Mobile apps: The costs and rewards of keeping customers engaged
As most of us now use our smartphones in every area of our lives, the mobile apps industry is beginning to mature. Here, Yoram Mizrachi, founder and chief technology officer at Perfecto, considers the essential principles that create a successful user experience in mobile apps.
Rather than just building and launching applications that will attract a user base, developers and quality assurance (QA) teams are now focused on retaining and engaging the most valuable user in order to maximise revenue opportunities from their brand’s app.
While the costs of developing a new app can be high, costing 50, 000 to 70, 000 on average, so is the payoff, and so it is imperative that developers maintain flawless user experiences to engage and retain users.
Still, the process of catching a loyal user is becoming increasingly difficult in an extremely competitive market.
Capturing the users? attention
First, a potential customer must discover a particular app among the millions of other mobile and download it. When opened, it is crucial that the app works well or the brand will lose most of its audience.
Today’s mobile users often do not have a lot of patience. For example, only 16 percent of mobile users would try an app more than twice after failing the first and second time, according to research from Compuware.
While users are certainly fastidious, they are also becoming more focused on their favourite mobile apps, meaning that they spend more time in fewer apps. This trend is driving developers to create stronger retention strategies such as rapid updates and refinements of apps and user interfaces to keep them fresh.
On average, Android mobile apps are updated every 28 days, and iOS mobile apps every 59 days, according to research from the University of East Anglia. As mobile captures a higher percentage of the global digital economy, consistent engagement with mobile users is now a requirement.
The global mobile payment market was forecasted to hit $216 billion in value this year, according to analyst firm TrendForce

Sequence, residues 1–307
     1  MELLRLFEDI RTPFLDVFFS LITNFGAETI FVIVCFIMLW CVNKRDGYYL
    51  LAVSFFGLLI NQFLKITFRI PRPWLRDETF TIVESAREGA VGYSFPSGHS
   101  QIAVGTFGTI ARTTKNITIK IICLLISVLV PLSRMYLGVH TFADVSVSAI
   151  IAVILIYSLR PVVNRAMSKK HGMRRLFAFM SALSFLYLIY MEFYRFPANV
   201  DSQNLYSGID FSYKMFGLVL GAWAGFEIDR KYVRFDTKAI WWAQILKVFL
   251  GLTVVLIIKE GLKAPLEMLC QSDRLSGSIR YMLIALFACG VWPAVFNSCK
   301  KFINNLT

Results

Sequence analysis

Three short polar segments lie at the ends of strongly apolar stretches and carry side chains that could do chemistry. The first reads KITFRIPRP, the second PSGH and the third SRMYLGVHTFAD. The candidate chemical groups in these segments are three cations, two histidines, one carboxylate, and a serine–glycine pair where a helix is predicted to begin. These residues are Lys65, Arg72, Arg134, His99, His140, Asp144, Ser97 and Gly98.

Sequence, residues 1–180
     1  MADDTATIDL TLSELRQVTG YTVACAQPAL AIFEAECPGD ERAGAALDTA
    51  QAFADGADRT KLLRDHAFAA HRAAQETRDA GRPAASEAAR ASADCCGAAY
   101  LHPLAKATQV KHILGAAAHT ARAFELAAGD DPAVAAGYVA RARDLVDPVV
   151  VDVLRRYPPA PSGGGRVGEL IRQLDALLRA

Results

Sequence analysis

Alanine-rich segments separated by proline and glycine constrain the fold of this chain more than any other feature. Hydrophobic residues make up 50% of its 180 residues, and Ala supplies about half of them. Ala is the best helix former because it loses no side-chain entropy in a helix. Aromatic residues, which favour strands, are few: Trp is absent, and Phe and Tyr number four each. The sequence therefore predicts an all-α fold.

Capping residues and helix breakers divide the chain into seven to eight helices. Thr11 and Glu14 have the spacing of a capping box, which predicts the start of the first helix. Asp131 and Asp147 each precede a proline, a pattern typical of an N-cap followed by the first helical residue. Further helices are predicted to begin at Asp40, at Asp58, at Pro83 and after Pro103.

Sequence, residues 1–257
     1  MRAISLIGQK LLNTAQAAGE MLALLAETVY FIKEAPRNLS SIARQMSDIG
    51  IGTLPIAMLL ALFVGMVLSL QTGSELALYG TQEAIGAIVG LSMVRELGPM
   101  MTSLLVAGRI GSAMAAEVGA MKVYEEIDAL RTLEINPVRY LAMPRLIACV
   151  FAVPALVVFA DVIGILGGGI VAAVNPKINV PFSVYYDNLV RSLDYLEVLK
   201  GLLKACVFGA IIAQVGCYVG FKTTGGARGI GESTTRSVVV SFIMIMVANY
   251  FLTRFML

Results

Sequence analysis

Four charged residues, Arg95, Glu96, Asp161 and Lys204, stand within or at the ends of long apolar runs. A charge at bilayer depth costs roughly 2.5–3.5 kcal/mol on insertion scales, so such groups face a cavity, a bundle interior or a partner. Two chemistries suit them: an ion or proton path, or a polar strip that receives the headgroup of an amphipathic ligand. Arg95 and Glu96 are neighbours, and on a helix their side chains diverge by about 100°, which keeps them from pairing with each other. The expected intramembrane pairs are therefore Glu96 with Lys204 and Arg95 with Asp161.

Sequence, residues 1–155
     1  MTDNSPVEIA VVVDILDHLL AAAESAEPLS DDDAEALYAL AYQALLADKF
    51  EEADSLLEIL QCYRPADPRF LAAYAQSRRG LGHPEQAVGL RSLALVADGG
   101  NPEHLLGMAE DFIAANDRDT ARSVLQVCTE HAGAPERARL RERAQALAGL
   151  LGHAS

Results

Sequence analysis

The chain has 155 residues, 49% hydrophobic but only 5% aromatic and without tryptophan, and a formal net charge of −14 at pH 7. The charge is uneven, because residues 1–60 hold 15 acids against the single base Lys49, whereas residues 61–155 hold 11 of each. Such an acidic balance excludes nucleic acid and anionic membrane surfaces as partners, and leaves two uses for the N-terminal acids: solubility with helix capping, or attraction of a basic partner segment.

Digital ad spending on mobile grew 60.3 per cent last year to 2.63bn, according to research from the UK Internet Advertising Bureau
Loyal users not only consume advertising and make transactions, but also influence sales across channels. Forrester estimates that mobile influenced $1tn in spending at brick-and-mortar retailers in 2015
To capitalise on these growing opportunities and stand out from the crowd, an app must deliver a high quality user experience. But what exactly makes a mobile user interface good or great?
Making mobileapps invaluable to users
Forrester recently conducted a survey of 1, 000 users of mobile apps to better understand the characteristics of good and great mobile apps.
The two most important features are user interfaces that do not freeze and do not suck battery life and memory.
The third most important factor is that the app must save the user time. “Saving time”, though slightly less definitive than preventing app freezes or draining battery life, requires fast load times and intuitively laid-out user interfaces.
The Forrester study also quantified the value of these features. Good mobile apps are defined as those that possess key app functions such as does not freeze or crash, does not suck battery and memory? and ‘saves user time, and great apps as ones that are flawless in theexecution of these functions.
Survey respondents reported that great apps generated $45.6m in direct revenues and good apps generated $9.5 million. Clearly, there is a monetary difference.
Adequate testing is the key to creating good? apps, but to be great? or flawless, developer and QAteams need to test across various user scenarios, including:
Ensuring that apps do not sap battery life or crash when users have their favourite apps open while talking on the phone and entering a tunnel
Making sure that the app will render correctly when it is downloaded to an outdated or unpopular smartphone
Most importantly, development testingteams need to test on real devices and under conditions that mimic all the most common user scenarios
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